Home Culture and Etiquettes A Case of Dengue Fever, Seberang Jaya Hospital, Malaysia

A Case of Dengue Fever, Seberang Jaya Hospital, Malaysia

What happened a week ago was unexpected. My husband complained that he was having aches and pains in his body. After work, he took two Panadol tablets and dropped off to sleep. The next day, he was not feeling well. There was fever and still the aches didn’t go away. It was a public holiday and the government clinic was closed. He decided to visit the government hospital in Seberang Jaya. They took his blood sample and ran a test. They recorded his platelet count and gave him fever medication and sent him home. My husband said the doctor suspected that he had dengue fever. He had to make a repeat visit the next day. On the second day, his platelet count dropped. He was told to come back again the next day for another blood test. The third day his reading fell below a hundred.

By now, the Health Ministry had sent people to visit our home. They inspected the bathroom, the front and back yard. They were friendly yet advised us to make sure that there were no pots with water or any kind of container where mosquitoes could breed. The Health Ministry team or in Bahasa Malaysia, Kesihatan, gave us a notice that they will fog the surrounding area of our home later in the evening. Sure enough, at 6.00pm, the team consisting of four men, three with foggers and one supervisor, went around the front of our house and the back of our house and around the block. After the fogging, I saw a fly knocked out on the kitchen top. Kesihatan also visited my husband’s work environment and fogged the area as well.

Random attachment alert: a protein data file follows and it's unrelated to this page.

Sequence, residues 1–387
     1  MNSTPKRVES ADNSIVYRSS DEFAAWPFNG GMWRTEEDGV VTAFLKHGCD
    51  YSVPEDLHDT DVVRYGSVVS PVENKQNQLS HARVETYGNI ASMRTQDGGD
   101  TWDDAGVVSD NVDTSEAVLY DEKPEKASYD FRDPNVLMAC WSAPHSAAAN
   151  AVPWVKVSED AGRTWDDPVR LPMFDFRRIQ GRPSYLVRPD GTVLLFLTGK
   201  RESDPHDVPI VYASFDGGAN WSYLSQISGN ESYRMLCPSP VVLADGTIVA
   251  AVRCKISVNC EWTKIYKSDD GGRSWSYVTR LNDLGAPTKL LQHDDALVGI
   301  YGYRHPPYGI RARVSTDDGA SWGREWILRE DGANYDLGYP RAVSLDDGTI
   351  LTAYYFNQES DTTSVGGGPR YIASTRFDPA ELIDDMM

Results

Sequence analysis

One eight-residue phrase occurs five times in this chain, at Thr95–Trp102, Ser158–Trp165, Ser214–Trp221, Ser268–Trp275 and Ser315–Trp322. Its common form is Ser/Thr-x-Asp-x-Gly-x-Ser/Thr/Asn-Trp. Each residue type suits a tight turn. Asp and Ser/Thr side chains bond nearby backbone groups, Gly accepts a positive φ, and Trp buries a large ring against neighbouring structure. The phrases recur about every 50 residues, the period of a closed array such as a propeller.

The fourth day my husband was admitted to the Transit Ward in Seberang Jaya Hospital.
I visited him and the first thing, at the admissions counter 5A, I was informed that I had to pay a deposit of RM 30.00. Since I didn’t have the extra cash because I had done my marketing in the morning, the cashier told me, it is okay to see my husband and on your next visit, you can pay up. I was glad to hear that and I went into the Transit Ward of the Accident and Emergency (A&E) Unit of the hospital. At that time, just past noon, my husband and two other patients were in the ward. He told me that his blood platelet count was too low and the doctor had to ward him. He was in hospital garb and on drips. He felt uncomfortable with the drip. He had to carry the drip with him to the washroom. I asked the nurses at the nurse station for further details and they referred me to the doctor who was present there. He assured me that my husband is well-taken care off and not to worry.

Before I left, my husband handed me his wallet for safe keeping and to pay the admissions fee. As I left the ward, I went over to counter 5A and paid the amount. The same lady told me to keep the receipt carefully and to present it upon discharge.

After three days and two nights, and seven or eight bottles of saline solution, my husband was discharged. Before he could change into his clothes, the attending nurse told me to settle the bill. I went to 5A again with the doctor’s notes and passed it to the same lady I saw three days ago. The total bill came up to RM 72.00. I presented the receipt to the nurse and then she duly gave me the Discharge Certificate and a few forms to be used as a follow up with the government clinic at Seberang Jaya two weeks from the day of discharge. My husband was given a medical certificate—leave of absence—from work for five days based on the day of his admission to the Transit Ward.

My husband and I went home happy. No more drips for him. The hospital fee was reasonable with three meals provided and an X-ray plus ECG. My husband felt tired but otherwise none the worse.

There is a fees signage placed on the wall opposite 5A. If you are a foreigner, there is a separate signage with the words “Warga Asing.” Always ask for Class 3 ward or “Wad Kelas 3” in Bahasa Malaysia. This is the most affordable health treatment in the government hospitals in Malaysia


/// Written by Irene Tan, Malaysia